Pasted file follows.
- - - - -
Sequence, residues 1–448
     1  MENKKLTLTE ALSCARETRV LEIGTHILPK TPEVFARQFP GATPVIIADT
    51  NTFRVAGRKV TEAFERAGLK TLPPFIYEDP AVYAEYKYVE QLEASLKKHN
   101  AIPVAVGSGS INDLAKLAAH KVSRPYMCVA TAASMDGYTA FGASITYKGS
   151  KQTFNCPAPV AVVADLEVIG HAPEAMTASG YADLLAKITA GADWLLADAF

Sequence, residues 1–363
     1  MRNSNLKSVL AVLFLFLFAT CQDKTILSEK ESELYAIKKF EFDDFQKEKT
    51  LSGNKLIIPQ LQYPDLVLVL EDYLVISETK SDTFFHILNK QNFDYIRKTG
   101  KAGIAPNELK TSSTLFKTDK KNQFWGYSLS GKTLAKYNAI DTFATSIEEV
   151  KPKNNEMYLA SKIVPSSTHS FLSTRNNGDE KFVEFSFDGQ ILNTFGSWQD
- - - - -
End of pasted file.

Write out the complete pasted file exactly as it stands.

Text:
Sequence, residues 1–448
     1  MENKKLTLTE ALSCARETRV LEIGTHILPK TPEVFARQFP GATPVIIADT
    51  NTFRVAGRKV TEAFERAGLK TLPPFIYEDP AVYAEYKYVE QLEASLKKHN
   101  AIPVAVGSGS INDLAKLAAH KVSRPYMCVA TAASMDGYTA FGASITYKGS
   151  KQTFNCPAPV AVVADLEVIG HAPEAMTASG YADLLAKITA GADWLLADAF

Sequence, residues 1–363
     1  MRNSNLKSVL AVLFLFLFAT CQDKTILSEK ESELYAIKKF EFDDFQKEKT
    51  LSGNKLIIPQ LQYPDLVLVL EDYLVISETK SDTFFHILNK QNFDYIRKTG
   101  KAGIAPNELK TSSTLFKTDK KNQFWGYSLS GKTLAKYNAI DTFATSIEEV
   151  KPKNNEMYLA SKIVPSSTHS FLSTRNNGDE KFVEFSFDGQ ILNTFGSWQD